We are called to love our neighbor as ourselves (Luke 10:27)

The church I serve, First Baptist in Beverly,(https://www.fbcbeverly.org) takes such passages to heart.  We’ve chosen to reject fear and embrace those whom others would cast aside.  This Christmas season we’ve placed a banner by our entrance:  Immigrants & Refugees Welcome.

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This banner is our response to the anti-immigrant/refugee/Muslim rhetoric that has coarsened our public life.  Inspired by the Christmas story in Matthew 2:13-23 we remember that Mary and Joseph were homeless when Jesus was born.  That the Holy Family fled persecution by King Herod and found refuge in Egypt.

Today untold millions are seeking refuge from violence, violence, misery.  Minority groups within our own nation feel under threat.  How can we not offer welcome?

We don’t know how the next few years will unfold.  But we do know that we are guided by an ancient story that has captured our hearts, expanded our imagination and graced us with courage.

Courage to say ‘yes’ to love and ‘no’ to fear.

Christmas is coming yet again.  Hope reigns. Praise God!

(For more information on how you or your faith community can get involved for causes of justice: http://faithfulamerica.org/  or, https://sojo.net or, http://cwsglobal.org or, check out Beverly Multifaith Coalition on Facebook or,  look for partners in your local community)

 

Post Election Reflection: Not Going Back

Ours is a divided nation.   The rhetoric of this election has highlighted and inflamed the differences within groups and regions and sometimes even within families. We wonder whether we can be restored as a nation.  

We think of the vision celebrated in our Pledge of Allegiance ‘one Nation under God, indivisible with liberty and justice for all’. We are aware that many feel justice is denied them and many feel left behind. An underlying sense of fear and even hopelessness permeate our psyche as a people.

My concern is that our divisions not be glossed over simply in the name of unity.  Rather I hope that we may come to understand the causes of our division…and perhaps in our understanding, we may begin the essential work of addressing what separates us.  Only then can we form what Abraham Lincoln called ‘a more perfect Union’.

A big part of our work is acknowledging the pain caused by harsh words and thoughtless rhetoric during this long election process.   For Mr. Trump to be successful in his presidency (which for the sake of the nation I hope he is) he needs to take the lead in stepping away from the harmful rhetoric that helped him get elected.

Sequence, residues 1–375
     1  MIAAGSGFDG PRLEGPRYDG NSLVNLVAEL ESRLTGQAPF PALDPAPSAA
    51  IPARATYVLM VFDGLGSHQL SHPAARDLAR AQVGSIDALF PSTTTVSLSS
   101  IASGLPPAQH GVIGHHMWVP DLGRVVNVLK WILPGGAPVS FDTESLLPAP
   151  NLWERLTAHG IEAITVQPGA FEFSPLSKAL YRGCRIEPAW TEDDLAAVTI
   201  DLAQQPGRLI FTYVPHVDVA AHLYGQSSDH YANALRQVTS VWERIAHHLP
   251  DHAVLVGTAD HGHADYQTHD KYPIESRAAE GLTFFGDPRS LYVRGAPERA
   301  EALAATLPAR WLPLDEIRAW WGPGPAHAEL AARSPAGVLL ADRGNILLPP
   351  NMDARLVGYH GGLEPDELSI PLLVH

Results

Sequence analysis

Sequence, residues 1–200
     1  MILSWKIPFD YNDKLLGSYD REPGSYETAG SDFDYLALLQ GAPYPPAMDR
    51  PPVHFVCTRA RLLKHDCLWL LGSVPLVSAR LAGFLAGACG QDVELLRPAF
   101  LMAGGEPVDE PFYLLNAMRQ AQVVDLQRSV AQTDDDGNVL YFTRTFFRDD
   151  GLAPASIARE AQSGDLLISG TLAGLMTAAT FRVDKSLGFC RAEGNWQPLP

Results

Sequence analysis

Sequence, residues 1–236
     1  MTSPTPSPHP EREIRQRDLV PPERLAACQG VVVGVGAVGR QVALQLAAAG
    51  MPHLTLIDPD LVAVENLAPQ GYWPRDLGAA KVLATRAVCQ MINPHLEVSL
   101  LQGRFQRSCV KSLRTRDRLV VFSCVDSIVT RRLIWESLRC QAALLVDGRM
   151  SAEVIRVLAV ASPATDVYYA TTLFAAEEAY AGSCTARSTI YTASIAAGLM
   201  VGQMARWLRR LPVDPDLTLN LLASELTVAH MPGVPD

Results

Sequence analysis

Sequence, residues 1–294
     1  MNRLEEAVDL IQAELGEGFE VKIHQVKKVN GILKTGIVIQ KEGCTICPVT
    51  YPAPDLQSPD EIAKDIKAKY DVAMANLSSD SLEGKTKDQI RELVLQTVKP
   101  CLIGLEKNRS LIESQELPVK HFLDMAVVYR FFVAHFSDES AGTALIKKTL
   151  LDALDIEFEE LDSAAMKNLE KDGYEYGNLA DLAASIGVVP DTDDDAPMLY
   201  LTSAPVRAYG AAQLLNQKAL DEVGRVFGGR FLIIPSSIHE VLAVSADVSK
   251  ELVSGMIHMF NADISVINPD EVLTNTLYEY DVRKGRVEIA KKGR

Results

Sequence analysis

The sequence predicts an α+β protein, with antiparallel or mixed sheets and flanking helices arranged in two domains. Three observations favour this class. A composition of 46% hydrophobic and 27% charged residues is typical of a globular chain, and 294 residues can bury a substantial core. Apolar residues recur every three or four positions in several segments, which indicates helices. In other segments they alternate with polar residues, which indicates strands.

Women and girls have been exposed to his misogynistic language.  People of color feel marginalized.  Immigrants, legal and undocumented feel vulnerable and exposed.  If Mr. Trump wishes to truly be a president for all the people he needs to apologize for the words he used and offer safeguards to those who feel marginalized.

Whether he has the capacity or desire to bring people together is an open question. For the sake of our country I hope and pray he does.

I say this in particular out of concern and love for the generation of my children.  The millennials  will soon surpass in size my generation, the boomers.  Millennials have already begun to take on the mantle of leadership and by the next election will be the largest voting block.

Millennials were raised believing in racial justice and full inclusion of LGBTQ neighbors.  They believe too in full rights for women even as they confront the persistent reality of misogyny in our nation and world.

What gives me hope is knowing that the millennial generation will not go back. They will not accept the ‘locker room talk’ of a man who is now our president-elect.   Nor will they allow voter suppression by race to stand. Nor will they allow a government to control their reproductive rights.

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Nor will they stand idly by while immigrant neighbors, legal and undocumented, live in fear.  Last night in a 60 Minutes interview Mr. Trump said he will move to forcibly remove or incarcerate up to 3 million undocumented immigrants who have a police record http://www.msn.com/en-us/news/politics/60-minutes-interview-president-elect-donald-trump/ar-AAkfQd7?OCID=ansmsnnews11.

I wonder who will be picked up in this massive dragnet in addition to the ‘violent criminals’ that Mr. Trump speaks of?  Will this include people with parking tickets or other misdemeanors?

The reality is that families will be torn apart.  As people of faith will we take to heart these words in Leviticus 19:34?

The alien who resides with you shall be to you as the citizen among you; you shall love the alien as yourself, for you were aliens in the land of Egypt: I am the Lord your God.

To a large degree our young people have been awakened.  A question to my generation and to people of faith…have we been awakened too?

I will stand up for the hopes of my children. To demand that we become ‘ a more perfect union’.  If need be I will turn to the non-violent example of Dr. King and work to hold our elected officials accountable in our shared pursuit of ‘liberty and justice for all’.

Mr. Trump will have a successful presidency to the extent  he understands that he has bridges not walls to build.  Bridges between generations, regions and cultural groups that make up this great nation.